Resistor across rectifying diode

Resistor across rectifying diode

Post by submmbo » Fri, 18 Apr 2008 16:23:51



Hello all

I've been working on an RCA RZS488D radio alarm clock lately. I just
had to replace the rotor w/ one I found on fleabay. This rotor did not
have the winding for the dial light, so I am investigating other ways
of powering it. In the process of seeing what power was available from
the power supply, I found a 220K, maybe 2W resistor in parallel with
the rectifying diode. The original rectifying diode was only marked w/
6EA. Since the schematic I had showed no such resistor I removed it
and at the same time installed a 1N4007 diode. The radio is currently
playing behind me. What might have that parallel resistor have been
for? I have never seen that type of setup as of yet.

On the subject of the dial light, the original was a #1490, 3.2V,
0.16A bulb. Without the extra winding in the clock motor, what would
be the best way to power this? There is a 36V DC source off the power
supply that I could step down. I would prefer that the light not be
very bright. Any ideas?

Thanks

Bob

 
 
 

Resistor across rectifying diode

Post by Ken » Fri, 18 Apr 2008 21:08:08


Quote:

> Hello all

> I've been working on an RCA RZS488D radio alarm clock lately. I just
> had to replace the rotor w/ one I found on fleabay. This rotor did not
> have the winding for the dial light, so I am investigating other ways
> of powering it. In the process of seeing what power was available from
> the power supply, I found a 220K, maybe 2W resistor in parallel with
> the rectifying diode. The original rectifying diode was only marked w/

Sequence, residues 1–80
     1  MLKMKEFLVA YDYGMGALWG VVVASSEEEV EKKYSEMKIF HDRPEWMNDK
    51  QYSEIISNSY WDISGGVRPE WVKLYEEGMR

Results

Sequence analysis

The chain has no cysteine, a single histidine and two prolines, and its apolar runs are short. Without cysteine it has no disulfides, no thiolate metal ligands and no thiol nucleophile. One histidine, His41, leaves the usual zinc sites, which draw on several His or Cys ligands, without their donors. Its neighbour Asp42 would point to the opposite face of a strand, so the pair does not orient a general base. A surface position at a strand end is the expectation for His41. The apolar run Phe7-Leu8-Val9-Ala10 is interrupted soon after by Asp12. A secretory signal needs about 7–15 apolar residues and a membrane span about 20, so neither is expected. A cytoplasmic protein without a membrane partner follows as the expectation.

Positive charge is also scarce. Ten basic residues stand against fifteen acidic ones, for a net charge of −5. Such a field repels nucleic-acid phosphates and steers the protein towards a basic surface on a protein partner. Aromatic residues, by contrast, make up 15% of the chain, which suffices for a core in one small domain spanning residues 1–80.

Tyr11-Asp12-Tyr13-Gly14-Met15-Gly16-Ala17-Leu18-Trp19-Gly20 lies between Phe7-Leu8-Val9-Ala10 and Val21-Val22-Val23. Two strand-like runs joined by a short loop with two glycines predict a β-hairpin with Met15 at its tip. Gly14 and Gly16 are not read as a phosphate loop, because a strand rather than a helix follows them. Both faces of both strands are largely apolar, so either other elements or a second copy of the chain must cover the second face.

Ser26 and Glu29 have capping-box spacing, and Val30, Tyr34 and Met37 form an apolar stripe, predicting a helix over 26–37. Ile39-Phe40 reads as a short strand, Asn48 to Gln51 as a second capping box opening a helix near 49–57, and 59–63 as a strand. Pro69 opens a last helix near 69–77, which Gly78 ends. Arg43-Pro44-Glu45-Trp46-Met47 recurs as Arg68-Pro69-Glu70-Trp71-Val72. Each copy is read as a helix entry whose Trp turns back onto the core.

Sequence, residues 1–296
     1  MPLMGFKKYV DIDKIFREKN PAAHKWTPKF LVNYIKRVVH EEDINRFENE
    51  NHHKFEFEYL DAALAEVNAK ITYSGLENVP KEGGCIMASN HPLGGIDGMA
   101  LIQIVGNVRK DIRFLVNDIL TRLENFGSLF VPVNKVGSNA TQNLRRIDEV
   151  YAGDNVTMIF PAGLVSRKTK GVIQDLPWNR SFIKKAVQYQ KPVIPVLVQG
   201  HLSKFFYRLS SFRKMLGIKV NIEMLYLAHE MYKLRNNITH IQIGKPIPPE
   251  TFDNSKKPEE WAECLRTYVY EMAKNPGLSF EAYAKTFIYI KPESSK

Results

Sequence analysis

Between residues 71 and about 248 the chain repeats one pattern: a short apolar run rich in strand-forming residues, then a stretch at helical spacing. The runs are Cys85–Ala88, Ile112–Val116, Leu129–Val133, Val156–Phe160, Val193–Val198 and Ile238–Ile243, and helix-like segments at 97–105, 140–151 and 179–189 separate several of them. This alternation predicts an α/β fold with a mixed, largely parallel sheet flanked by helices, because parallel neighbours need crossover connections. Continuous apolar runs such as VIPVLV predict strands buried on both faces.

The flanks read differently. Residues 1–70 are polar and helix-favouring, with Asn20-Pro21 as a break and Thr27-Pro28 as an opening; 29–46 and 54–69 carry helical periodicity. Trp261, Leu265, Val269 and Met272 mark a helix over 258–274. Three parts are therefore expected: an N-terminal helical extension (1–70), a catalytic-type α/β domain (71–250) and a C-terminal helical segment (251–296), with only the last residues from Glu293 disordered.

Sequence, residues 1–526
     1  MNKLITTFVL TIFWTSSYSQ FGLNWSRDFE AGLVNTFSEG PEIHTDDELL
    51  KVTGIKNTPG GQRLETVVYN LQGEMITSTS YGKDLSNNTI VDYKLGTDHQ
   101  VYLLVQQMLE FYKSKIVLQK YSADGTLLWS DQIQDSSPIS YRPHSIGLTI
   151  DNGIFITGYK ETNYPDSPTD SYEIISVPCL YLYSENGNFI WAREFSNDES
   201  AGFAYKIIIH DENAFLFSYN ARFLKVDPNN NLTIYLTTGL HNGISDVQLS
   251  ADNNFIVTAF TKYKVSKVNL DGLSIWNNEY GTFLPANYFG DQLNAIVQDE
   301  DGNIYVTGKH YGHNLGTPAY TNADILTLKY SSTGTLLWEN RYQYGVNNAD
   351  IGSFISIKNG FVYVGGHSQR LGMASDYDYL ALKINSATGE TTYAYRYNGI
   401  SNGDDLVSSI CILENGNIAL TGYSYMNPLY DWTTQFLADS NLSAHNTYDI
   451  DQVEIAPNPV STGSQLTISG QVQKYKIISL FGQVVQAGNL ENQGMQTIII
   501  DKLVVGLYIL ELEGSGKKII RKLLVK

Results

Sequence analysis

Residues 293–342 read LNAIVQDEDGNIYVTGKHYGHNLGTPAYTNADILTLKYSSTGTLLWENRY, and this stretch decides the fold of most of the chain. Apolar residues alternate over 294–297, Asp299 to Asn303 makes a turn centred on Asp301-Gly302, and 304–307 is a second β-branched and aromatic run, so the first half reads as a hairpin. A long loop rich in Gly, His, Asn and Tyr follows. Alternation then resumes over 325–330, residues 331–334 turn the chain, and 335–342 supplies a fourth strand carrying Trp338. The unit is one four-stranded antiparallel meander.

> 6EA. Since the schematic I had showed no such resistor I removed it
> and at the same time installed a 1N4007 diode. The radio is currently
> playing behind me. What might have that parallel resistor have been
> for? I have never seen that type of setup as of yet.

> On the subject of the dial light, the original was a #1490, 3.2V,
> 0.16A bulb. Without the extra winding in the clock motor, what would
> be the best way to power this? There is a 36V DC source off the power
> supply that I could step down. I would prefer that the light not be
> very bright. Any ideas?

> Thanks

> Bob

Was the resistor original or tacked in, and what was the resistance?
What is the tube comp? You could use a small transformer for the pilot. Ken

 
 
 

Resistor across rectifying diode

Post by neses » Sat, 19 Apr 2008 00:23:44



Quote:
> Hello all

> I've been working on an RCA RZS488D radio alarm clock lately. I just
> had to replace the rotor w/ one I found on fleabay. This rotor did not
> have the winding for the dial light, so I am investigating other ways
> of powering it. In the process of seeing what power was available from
> the power supply, I found a 220K, maybe 2W resistor in parallel with
> the rectifying diode. The original rectifying diode was only marked w/
> 6EA. Since the schematic I had showed no such resistor I removed it
> and at the same time installed a 1N4007 diode. The radio is currently
> playing behind me. What might have that parallel resistor have been
> for? I have never seen that type of setup as of yet.

> On the subject of the dial light, the original was a #1490, 3.2V,
> 0.16A bulb. Without the extra winding in the clock motor, what would
> be the best way to power this? There is a 36V DC source off the power